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With more than 50 non-fiction books and numerous magazine articles to his credit, Allen Wyatt is an internationally recognized author. He is president of Sharon Parq Associates, a computer and publishing services company.
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Please Note: This article is written for users of the following Microsoft Excel versions: 97, 2000, 2002, and 2003. If you are using a later version (Excel 2007 or later), this tip may not work for you. For a version of this tip written specifically for later versions of Excel, click here: Importing Many Files Into Excel.
Andrew asked if there is a way to import many different files into Excel, all using the same import specifications. For instance, when you choose to import a comma-delimited text file, Excel's import filter asks you a series of questions about how the import should be done. If you are importing a single file, this is not a problem. If you have fifty or sixty files to import, answering the questions over and over again can get very tedious very quickly.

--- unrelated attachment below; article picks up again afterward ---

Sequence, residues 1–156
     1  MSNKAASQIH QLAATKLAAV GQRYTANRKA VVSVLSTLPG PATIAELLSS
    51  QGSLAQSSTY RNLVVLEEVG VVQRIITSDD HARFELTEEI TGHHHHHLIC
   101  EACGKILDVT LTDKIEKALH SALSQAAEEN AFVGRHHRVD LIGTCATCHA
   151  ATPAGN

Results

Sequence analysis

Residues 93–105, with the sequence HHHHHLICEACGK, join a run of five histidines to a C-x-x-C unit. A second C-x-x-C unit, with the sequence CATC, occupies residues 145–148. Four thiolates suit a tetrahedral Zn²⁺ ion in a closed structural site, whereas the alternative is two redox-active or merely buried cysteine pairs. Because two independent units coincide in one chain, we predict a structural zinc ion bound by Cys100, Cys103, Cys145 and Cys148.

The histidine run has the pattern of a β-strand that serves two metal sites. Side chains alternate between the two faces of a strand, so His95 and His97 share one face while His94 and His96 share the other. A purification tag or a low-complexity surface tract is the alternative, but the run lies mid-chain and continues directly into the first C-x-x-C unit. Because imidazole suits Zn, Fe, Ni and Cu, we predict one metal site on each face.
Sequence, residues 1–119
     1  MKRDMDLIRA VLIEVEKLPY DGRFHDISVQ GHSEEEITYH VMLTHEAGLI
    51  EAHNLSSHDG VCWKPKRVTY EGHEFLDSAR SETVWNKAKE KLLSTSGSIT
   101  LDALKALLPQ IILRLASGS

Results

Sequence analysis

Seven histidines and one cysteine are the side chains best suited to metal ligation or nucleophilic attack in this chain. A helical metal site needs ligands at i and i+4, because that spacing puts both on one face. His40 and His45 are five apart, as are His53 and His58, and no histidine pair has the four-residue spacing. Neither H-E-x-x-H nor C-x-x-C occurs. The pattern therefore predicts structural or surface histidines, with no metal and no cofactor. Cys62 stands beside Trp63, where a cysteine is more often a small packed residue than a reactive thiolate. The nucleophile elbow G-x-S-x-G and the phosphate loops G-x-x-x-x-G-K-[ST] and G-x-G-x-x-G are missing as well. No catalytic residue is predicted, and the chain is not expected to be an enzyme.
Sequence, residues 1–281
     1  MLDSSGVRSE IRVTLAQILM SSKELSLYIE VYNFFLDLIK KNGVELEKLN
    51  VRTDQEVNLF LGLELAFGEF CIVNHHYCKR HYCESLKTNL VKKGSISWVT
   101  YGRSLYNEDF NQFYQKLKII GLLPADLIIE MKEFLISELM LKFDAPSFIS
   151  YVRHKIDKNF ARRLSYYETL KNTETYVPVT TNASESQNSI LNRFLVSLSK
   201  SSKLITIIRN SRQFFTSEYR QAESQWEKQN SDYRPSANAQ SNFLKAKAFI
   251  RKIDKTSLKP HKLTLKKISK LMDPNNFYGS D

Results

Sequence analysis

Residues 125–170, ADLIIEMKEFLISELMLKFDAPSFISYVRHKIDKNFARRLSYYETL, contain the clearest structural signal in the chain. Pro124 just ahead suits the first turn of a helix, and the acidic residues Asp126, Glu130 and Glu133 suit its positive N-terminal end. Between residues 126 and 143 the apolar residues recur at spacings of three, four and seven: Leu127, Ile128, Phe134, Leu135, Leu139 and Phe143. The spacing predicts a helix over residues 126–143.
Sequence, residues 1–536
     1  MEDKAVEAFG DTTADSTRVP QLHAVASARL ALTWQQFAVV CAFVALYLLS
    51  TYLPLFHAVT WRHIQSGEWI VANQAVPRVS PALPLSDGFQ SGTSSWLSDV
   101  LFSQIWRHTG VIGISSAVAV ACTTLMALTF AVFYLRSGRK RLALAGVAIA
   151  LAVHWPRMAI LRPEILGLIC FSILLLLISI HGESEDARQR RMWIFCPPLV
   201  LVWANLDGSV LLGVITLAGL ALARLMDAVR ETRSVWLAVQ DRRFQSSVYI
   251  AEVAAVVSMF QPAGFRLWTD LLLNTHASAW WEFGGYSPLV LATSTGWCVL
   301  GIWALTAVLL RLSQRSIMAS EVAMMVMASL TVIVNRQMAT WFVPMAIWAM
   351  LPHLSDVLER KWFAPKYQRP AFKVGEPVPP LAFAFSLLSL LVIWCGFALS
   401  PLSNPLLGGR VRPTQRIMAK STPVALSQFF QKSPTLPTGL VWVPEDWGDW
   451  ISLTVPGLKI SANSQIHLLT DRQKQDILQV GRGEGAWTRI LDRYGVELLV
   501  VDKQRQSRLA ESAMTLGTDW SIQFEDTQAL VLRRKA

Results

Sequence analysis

The short answer is that there is no way to do a "mass import" in Excel. Some questions asked by the import filter simply need to be asked for each file. The only way around this is to create your own "import" process using a macro. The macro can either open the source file itself, or it can answer the Import Wizard questions, as it sees fit.
Of course, writing such a macro can be a daunting exercise. It is beyond the scope of ExcelTips to attempt such a macro, particularly since the process to be followed during the import can vary so much from one type of input file to another.
ExcelTips is your source for cost-effective Microsoft Excel training. This tip (2225) applies to Microsoft Excel 97, 2000, 2002, and 2003. You can find a version of this tip for the ribbon interface of Excel (Excel 2007 and later) here: Importing Many Files Into Excel.
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